As some of you may know, I currently work as a database researcher/integrity assistant for a conference company named Informa. In this job I work with and maintain our customers’ records on the in-house data system. From when I started in June 2007 up until last week, IIR Conferences Ltd, the Informa subsidiary which I personally am employed by, maintained an office situated at 29 Bressenden Place in Victoria, central London. It is well-known as a prime location, roughly equidistant between Victoria Underground Station and the tourist-and-camera honeypot that is the Queen of England’s residence – Buckingham Palace. It was a great location to work in as well. If you wanted a quick lunch, you had several options. Sandwich-lovers and salad-munchers could head around the corner to the Sainsbury’s Local supermarket in Allington Street, with its varied range of sandwiches, drinks, snacks, healthy-eating options, very much the stuff that you would expect a high street supermarket to have on its shelves. Cafe Moca, an Italian sandwich cafe, at the corner of Warwick Row had sumptuous chicken escalope and peri-peri poultry handmade baguettes and ciabattas. They were pricey but delectable. For Chinese, there was Noodle Noodle, with its customary fresh hot ramen and chicken in black bean sauce. There was two shopping centres in the vicinity of my office, an Argos and five pubs within easy walking distance, not to mention a theatre that had Billy Elliott on constant loop….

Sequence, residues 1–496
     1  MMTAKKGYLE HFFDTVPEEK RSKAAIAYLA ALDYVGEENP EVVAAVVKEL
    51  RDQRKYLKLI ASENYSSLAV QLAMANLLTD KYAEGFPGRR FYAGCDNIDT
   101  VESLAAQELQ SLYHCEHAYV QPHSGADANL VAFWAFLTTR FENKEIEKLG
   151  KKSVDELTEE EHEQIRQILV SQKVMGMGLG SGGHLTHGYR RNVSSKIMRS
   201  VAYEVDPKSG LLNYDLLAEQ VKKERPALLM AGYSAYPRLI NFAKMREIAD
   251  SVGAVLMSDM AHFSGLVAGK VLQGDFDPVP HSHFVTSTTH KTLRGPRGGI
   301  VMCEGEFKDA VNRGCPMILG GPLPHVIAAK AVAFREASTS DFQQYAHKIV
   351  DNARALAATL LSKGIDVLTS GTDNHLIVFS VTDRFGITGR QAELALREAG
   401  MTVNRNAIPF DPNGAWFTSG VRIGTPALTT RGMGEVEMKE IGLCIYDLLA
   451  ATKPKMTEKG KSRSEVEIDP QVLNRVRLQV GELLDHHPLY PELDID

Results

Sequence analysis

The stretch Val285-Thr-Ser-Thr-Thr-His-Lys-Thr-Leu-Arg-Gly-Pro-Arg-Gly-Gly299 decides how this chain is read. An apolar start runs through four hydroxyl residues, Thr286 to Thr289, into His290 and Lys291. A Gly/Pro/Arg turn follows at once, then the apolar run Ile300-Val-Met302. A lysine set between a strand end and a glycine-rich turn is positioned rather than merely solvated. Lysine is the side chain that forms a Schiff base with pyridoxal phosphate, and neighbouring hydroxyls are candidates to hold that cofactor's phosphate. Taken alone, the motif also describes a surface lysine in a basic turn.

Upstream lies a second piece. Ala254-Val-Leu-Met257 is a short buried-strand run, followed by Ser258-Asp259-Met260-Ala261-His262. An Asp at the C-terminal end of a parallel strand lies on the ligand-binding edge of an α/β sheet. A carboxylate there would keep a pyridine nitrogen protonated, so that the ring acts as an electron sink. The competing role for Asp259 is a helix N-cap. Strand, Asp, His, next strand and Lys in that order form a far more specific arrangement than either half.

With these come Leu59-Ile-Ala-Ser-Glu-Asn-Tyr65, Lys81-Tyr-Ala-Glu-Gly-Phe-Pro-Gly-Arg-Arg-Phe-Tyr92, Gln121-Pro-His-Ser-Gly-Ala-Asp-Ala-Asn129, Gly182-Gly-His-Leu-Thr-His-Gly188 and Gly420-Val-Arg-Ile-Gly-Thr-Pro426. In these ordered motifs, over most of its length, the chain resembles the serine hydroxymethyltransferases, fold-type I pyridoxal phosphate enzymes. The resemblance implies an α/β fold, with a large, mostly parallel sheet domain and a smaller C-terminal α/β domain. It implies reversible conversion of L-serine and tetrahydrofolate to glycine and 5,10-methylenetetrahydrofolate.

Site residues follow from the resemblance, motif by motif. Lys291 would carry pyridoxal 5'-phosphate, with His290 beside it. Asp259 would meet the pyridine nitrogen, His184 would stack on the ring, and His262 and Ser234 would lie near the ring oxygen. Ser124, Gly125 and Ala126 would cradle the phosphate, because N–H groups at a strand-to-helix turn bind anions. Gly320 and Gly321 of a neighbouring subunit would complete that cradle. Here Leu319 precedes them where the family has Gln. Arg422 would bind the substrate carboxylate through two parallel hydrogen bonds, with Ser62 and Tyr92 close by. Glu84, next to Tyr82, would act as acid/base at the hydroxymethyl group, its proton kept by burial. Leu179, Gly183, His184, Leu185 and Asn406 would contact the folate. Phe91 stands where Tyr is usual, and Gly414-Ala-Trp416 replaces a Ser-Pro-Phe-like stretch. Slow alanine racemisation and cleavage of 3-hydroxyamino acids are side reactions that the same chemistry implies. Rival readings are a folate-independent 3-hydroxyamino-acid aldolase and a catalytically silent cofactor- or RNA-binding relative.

But alas, while Victoria was ‘Location, Location, Location’ and a socialising and eating heaven for local desk jockeys, all good stories must have an end…we are moving to a new office!.
For the past three years, the streets around Bressenden Place have been transformed into a massive building site, coinciding with the extension of the nearby Tube station. The current station terminus is a departure point for many millions of tourists visiting every year. The crowds at rush-hour become so thick that it gets ridiculous. Ridiculous to the point that overcrowding often partially shuts down Victoria station as burly LU transport guards and a loud beeping alarm keep annoyed commuters in almost-perpetual agony as they queue past the bus stop, around the block and all the way into the middle of next week. The builders in their dusty day-glo orange jackets soon made their mark, as their firm Keltray tore down a couple of nearby buildings with diggers and other earthmoving equipment. London Underground’s £509 million upgrade to increase the capacity of the Tube station was fully underway. By 2015, there will an enlarged Victoria Tube with a new ticket hall, lifts and escalators to cope with the never-ending stream of sightseers, not to mention London City’s growing population. By 2016 it is estimated that our city’s Tube network will carry up to 3.4 million passengers daily.